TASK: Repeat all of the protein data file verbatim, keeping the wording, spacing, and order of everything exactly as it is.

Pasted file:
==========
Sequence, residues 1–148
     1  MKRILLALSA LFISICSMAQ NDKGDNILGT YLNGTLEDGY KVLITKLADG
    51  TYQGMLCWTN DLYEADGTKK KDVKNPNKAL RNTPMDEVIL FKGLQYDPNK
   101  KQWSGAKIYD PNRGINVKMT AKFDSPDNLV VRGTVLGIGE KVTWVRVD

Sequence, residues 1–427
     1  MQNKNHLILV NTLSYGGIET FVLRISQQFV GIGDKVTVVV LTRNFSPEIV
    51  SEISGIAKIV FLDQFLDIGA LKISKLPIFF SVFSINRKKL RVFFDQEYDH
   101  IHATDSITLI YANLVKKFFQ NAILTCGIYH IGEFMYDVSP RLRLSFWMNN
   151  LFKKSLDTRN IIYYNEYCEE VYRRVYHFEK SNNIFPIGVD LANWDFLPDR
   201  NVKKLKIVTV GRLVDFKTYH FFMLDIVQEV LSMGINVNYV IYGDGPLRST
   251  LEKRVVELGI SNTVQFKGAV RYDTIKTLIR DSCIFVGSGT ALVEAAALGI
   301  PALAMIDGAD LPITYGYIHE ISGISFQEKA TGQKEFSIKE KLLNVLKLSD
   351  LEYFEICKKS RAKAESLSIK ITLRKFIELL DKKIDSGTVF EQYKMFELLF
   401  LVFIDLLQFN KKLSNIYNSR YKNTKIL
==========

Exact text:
Sequence, residues 1–148
     1  MKRILLALSA LFISICSMAQ NDKGDNILGT YLNGTLEDGY KVLITKLADG
    51  TYQGMLCWTN DLYEADGTKK KDVKNPNKAL RNTPMDEVIL FKGLQYDPNK
   101  KQWSGAKIYD PNRGINVKMT AKFDSPDNLV VRGTVLGIGE KVTWVRVD

Sequence, residues 1–427
     1  MQNKNHLILV NTLSYGGIET FVLRISQQFV GIGDKVTVVV LTRNFSPEIV
    51  SEISGIAKIV FLDQFLDIGA LKISKLPIFF SVFSINRKKL RVFFDQEYDH
   101  IHATDSITLI YANLVKKFFQ NAILTCGIYH IGEFMYDVSP RLRLSFWMNN
   151  LFKKSLDTRN IIYYNEYCEE VYRRVYHFEK SNNIFPIGVD LANWDFLPDR
   201  NVKKLKIVTV GRLVDFKTYH FFMLDIVQEV LSMGINVNYV IYGDGPLRST
   251  LEKRVVELGI SNTVQFKGAV RYDTIKTLIR DSCIFVGSGT ALVEAAALGI
   301  PALAMIDGAD LPITYGYIHE ISGISFQEKA TGQKEFSIKE KLLNVLKLSD
   351  LEYFEICKKS RAKAESLSIK ITLRKFIELL DKKIDSGTVF EQYKMFELLF
   401  LVFIDLLQFN KKLSNIYNSR YKNTKIL